Patient Information


What is asthma?

Asthma is a common medical condition that affects the lungs. More specifically, asthma causes tightening of the airways in the lungs. When a person comes into contact with an asthma trigger, the muscles in the walls of the airways tighten, and this narrows the airways.

What are the symptoms of asthma?

Because asthma causes narrowing of the airways, feeling breathless is one of the most obvious symptoms of an asthma attack.

Different people can have different symptoms, which can also include:

  • a tight chest feeling (like a band tightening around your chest)
  • wheezing (which can make a whistling sound when you breathe)
  • coughing (particularly at night and early in the morning)

What causes asthma?

As with many medical conditions, there is no single cause.

Certain things may increase your chance of having asthma, such as:

  • family history – it is common for asthma to ‘run in families’.
  • developing another allergy – like a food allergy
  • having any lung diseases as a child (e.g., bronchiolitis)
  • exposed to tobacco smoke as a child
  • premature birth
  • low birth weight

How common is asthma?

14.6% It is important to remember you are not alone. In the Republic of Ireland, approximately 14.6% of the population1 suffer from asthma. Adult asthma is more common in women than men.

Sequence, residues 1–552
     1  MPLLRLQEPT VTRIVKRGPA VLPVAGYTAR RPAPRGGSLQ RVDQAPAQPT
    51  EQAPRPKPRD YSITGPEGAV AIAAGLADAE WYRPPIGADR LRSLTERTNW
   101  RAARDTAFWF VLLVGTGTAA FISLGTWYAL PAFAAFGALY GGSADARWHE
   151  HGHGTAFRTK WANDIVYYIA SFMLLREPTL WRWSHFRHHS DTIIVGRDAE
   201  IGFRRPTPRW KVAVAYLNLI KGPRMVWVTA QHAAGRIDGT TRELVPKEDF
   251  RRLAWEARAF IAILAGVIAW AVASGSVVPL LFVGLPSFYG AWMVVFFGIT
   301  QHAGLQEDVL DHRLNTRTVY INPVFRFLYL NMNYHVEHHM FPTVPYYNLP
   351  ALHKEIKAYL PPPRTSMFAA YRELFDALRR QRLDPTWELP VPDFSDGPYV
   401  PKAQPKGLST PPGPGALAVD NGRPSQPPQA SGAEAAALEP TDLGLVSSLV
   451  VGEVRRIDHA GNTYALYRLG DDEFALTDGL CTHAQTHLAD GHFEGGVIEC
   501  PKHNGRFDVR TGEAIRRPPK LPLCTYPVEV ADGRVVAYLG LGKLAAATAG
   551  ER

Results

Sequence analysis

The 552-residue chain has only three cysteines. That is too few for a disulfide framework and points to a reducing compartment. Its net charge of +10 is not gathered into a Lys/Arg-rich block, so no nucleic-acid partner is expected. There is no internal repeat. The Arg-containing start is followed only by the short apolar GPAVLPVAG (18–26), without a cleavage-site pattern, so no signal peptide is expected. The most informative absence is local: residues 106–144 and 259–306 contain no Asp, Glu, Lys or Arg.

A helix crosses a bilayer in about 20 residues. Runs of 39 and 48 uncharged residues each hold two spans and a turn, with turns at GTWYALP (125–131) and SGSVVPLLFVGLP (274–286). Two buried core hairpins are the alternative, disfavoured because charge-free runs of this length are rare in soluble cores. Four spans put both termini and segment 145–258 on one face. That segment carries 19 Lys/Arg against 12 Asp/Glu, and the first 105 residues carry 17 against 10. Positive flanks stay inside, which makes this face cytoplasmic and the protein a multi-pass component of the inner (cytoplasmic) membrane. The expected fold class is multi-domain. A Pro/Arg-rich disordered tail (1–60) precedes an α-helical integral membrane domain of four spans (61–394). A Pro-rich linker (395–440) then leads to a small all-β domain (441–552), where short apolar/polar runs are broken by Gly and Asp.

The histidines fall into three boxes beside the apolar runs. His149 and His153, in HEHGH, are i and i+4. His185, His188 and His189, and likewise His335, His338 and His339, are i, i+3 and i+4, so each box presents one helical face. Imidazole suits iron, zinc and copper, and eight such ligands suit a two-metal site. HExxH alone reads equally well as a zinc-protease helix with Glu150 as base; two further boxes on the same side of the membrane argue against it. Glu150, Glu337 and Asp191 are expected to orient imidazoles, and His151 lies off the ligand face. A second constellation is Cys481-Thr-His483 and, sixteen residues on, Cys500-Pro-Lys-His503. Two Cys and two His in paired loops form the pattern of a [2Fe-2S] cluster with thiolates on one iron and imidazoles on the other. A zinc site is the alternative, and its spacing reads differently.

What are asthma triggers?

These are anything that irritates your airways and brings on the symptoms of asthma.

Common triggers include:

  • house dust mites
  • animal fur
  • pollen
  • tobacco smoke
  • exercise
  • cold air
  • chest infections

Different people can have different asthma triggers and some people may have several triggers.


Managing your Asthma

What does well-controlled asthma mean?

If you take your medicine as prescribed by your doctor, you should be able to live your life without asthma symptoms getting in the way. This means your asthma is well controlled.

How do I know if my asthma is well controlled?

Peak flow diaries and asthma action plans can be very useful for tracking your asthma symptoms and how well your lungs are working. If you don’t have these, speak to your doctor or nurse.

Ask yourself the following 3 questions:

In the past month…


Have you had difficulty sleeping because of your asthma symptoms?


Have you had your usual asthma symptoms during the day?


Has your asthma interfered with your usual activities?

If you answered ‘yes’ to any of these questions, then your asthma could be better controlled. Speak to your doctor or nurse to review your asthma treatment.
If you are experiencing asthma symptoms, you should talk to your doctor or nurse so that you may become symptom-free.